Sparknotes. That was the overall consensus, which was deducted from a tenuous poll of my extended family.
It was collected in coherence with the stuffing and cranberry sauce that cluttered our green linen tablecloth in so many trays and casserole dishes- a true Island of Misfit Plates. As all 23 of us huddled around the dining room table, like frisky Eskimos in a snowstorm, being physically connected to one another somehow lent its significance to our unseasonable and mountie-muddled cause.
It also made it easier for my grandma to smack me:
“What are you putting all this time into reading some science fiction novel for? YOU ended things with HIM. Be done with the guy!” She shot me an exasperated look.
“Better yet, just say you’ve read it and give it back to him,” asserted my aunt.
It was my uncle who provided me with a truly cunning solution. “Skim the pages,” was his suggestion.
Yet eventually they all agreed that the best way to solve my problem would be simply to look up a summary of the book online.
Here was my dilemma:
You see, for the past few months I have had a crush on a boy named Jonah Mitchell. Slowly, our relationship escalated from “picture of him hidden in my closet” to “picture of us proudly set as my iphone wallpaper.” And yet, even after such a tentative, gradual lead-up, everything came to pass with the brilliance and brevity of a dying star.
I do not disillusion myself so far as to believe, as many other girls my age suffering from a break-up where the aftermath outlives the actual relationship, that I was in love with him. Nor do I continue to assert, neglecting the true motives of any present company, that he and I should have had six children and moved to Bangladesh. I mean only that, while the relationship was short, it meant something, and when it was over it sucked.
I ended things with Jonah because certain aspects of the relationship had begun to get on my nerves. For starters, we share three classes and two extra-curriculars. Add in a few group hang out sessions, as well as some one-on-one dates, and we were spending 75% of our waking moments together: simply too much time. Another point of friction is that we are in different stages of life; Jonah does not have a job, a car, or even a driver’s licence; I have all three. Rather than to constructively deal with these issues, however, I chose, in typical ham fashion, to break it off before the relationship became more serious and a separation could do any substantial emotional damage.
It was during the early phases of our brief relationship that Jonah lent me a book. Actually, it was his all-time favourite, sporting so many frays that it appeared more well-loved than the velveteen rabbit. He rather insisted that I read it, this compilation of the three Foundation novels written by sci-fi champ Isaac Asimov, saying that “the book is me. I am the book.”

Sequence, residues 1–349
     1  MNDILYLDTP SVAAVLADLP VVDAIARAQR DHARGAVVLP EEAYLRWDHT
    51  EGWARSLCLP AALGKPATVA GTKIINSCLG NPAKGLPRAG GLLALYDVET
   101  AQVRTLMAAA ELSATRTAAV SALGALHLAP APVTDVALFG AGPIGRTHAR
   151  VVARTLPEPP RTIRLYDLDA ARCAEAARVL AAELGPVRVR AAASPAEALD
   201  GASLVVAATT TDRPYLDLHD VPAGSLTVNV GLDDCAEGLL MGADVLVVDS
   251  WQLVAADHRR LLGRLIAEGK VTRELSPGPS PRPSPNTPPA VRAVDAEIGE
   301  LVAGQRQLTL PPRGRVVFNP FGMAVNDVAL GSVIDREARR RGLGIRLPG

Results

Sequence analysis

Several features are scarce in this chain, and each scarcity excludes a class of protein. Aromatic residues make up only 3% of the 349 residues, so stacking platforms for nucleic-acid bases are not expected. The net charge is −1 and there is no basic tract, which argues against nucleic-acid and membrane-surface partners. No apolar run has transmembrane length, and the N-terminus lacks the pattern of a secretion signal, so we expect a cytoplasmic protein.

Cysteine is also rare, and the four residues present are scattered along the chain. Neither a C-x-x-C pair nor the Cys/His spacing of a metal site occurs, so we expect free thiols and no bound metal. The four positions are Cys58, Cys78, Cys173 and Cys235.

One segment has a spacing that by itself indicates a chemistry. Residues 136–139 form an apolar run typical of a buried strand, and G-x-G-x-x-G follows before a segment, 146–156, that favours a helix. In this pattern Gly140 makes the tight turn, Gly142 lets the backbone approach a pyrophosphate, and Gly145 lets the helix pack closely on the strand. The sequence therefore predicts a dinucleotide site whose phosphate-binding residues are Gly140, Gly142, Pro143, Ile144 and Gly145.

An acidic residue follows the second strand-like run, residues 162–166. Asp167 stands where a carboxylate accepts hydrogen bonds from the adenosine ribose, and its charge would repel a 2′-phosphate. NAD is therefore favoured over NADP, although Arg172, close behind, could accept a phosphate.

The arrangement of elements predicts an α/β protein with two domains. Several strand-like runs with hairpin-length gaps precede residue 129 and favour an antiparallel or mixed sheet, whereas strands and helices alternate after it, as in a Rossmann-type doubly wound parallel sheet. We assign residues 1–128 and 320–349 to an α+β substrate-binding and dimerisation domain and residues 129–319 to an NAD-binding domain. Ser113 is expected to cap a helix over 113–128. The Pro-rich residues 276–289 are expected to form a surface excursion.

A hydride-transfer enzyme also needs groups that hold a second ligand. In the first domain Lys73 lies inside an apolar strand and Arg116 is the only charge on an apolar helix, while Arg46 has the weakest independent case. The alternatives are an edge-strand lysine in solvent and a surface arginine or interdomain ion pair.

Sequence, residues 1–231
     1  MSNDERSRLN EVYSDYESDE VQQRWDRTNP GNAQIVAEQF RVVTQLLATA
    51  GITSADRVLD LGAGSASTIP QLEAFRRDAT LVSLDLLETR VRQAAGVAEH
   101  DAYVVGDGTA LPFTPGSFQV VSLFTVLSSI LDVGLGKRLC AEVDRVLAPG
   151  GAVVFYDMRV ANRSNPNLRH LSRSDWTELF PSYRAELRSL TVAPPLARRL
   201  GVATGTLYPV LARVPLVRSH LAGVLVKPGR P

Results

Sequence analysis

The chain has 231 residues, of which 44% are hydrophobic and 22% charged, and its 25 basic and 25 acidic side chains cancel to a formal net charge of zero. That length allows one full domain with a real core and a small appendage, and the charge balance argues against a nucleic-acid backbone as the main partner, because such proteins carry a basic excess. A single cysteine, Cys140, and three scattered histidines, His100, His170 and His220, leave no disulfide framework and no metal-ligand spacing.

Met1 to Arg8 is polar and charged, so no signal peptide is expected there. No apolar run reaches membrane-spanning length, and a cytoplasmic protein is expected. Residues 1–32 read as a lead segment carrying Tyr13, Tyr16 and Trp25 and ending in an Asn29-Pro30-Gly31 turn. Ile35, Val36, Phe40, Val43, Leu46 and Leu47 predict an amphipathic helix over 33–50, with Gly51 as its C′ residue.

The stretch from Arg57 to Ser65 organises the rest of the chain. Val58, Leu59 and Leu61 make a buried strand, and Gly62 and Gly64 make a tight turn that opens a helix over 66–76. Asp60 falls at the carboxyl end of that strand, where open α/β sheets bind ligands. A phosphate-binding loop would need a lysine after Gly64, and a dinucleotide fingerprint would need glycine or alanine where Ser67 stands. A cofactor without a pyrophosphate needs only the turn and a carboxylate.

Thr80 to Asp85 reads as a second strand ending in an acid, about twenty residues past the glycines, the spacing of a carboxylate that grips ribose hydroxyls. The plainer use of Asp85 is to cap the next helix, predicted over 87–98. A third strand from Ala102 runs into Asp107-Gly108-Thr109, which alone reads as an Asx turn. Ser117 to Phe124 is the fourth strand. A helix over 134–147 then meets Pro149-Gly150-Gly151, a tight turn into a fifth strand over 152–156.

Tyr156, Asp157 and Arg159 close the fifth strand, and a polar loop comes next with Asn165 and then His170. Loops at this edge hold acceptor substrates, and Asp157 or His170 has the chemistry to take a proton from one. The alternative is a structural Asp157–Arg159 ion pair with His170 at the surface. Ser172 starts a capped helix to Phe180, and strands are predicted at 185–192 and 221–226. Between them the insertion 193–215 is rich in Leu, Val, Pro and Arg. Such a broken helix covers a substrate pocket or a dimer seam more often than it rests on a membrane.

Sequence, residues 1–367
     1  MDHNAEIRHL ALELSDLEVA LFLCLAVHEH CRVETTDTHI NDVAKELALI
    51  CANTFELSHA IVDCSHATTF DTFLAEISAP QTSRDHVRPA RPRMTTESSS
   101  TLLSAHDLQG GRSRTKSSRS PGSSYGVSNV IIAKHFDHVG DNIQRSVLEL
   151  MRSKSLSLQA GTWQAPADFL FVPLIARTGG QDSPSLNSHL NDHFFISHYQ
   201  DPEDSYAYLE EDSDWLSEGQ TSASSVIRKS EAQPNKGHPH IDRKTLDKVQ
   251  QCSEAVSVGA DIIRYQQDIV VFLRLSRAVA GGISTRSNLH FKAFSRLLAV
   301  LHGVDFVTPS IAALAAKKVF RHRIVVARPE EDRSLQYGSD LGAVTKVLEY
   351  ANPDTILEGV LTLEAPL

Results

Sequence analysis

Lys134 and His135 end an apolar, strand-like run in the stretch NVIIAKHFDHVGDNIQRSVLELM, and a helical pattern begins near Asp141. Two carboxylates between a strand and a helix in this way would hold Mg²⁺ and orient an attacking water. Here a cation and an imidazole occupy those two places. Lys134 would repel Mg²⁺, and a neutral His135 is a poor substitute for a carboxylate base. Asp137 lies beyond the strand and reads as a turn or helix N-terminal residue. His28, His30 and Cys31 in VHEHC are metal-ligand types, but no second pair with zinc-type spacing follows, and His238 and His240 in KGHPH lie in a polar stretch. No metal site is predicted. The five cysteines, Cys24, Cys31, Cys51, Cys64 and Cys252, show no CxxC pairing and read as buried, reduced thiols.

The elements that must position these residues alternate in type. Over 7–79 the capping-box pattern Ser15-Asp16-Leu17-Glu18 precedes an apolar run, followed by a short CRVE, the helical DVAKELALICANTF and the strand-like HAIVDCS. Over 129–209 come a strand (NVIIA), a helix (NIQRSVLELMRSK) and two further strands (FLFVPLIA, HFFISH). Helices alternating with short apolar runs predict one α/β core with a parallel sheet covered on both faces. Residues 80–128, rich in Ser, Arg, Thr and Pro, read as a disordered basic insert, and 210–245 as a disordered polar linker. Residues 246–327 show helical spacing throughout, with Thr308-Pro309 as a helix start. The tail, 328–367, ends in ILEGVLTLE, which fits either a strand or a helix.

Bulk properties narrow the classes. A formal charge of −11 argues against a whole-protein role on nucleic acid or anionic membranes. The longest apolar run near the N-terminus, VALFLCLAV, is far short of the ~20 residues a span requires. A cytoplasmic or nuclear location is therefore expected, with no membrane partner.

It was six days after our break-up when all 11 meager AP English students, the herd having been thinned out as a result of flood, famine, and the cruel Ms. Feyre from last year, gathered around the boardroom table as Mrs. Joyce articulated excitedly about the joys of reading.
“It makes me sad to see so many of you who aren’t passionate about literature! When was the last time any of you got excited about a book?”
“You know what? How about all of you try to remember a book that made you really excited about reading, and bring it in to discuss for Monday?”
As we all began babbling about our favourite novels, a glance to my left confirmed what was already obvious to me.
Jonah started, “I wa-”
He wanted the Asimov book back.
The only problem was that I had never read it, and I somehow got it in my head that the only way to salvage a friendship with Jonah was to finish the book, no matter how long it would take. This is how I managed to sentence myself, over Canadian Thanksgiving weekend, to 36 hours in inter-galactic prison.
Part of me also wanted to finish the book to prove that I was capable of committing to a relationship, even if it was one with paper and ink. Because, when I thought about it, reading a book is a lot like being in one.
Ending a three-month relationship doesn’t require the same courtesy and explanation as breaking off a real anniversary-churner (I’m not talking week-a-versaries here, people). In the same way, a reader is satisfied with an unsolved mystery at the close of a 200-300 page thriller, but once the author crosses over into the lofty 500+ page range, one demands the details with righteous indignation. By this point in the novel, even the author has usually abandoned his pomp and his poetic devices; after 6 years of marriage, a wife can take a dump in front of her husband without a second thought. In fact, if an author even tried to write an elaborate and roundabout explanation to a concept so late in the novel, I would holler at her to “just come out with it already.” And to “make me a sandwich.”
This is how I felt by the end of the 510-page, size 8 font Foundation series. I needed some sort of award. I needed Asimov, making me a sandwich.
The point is that Isaac Asimov clearly had a lot to say, and that I stupidly volunteered myself to sit for 36 hours as he said it.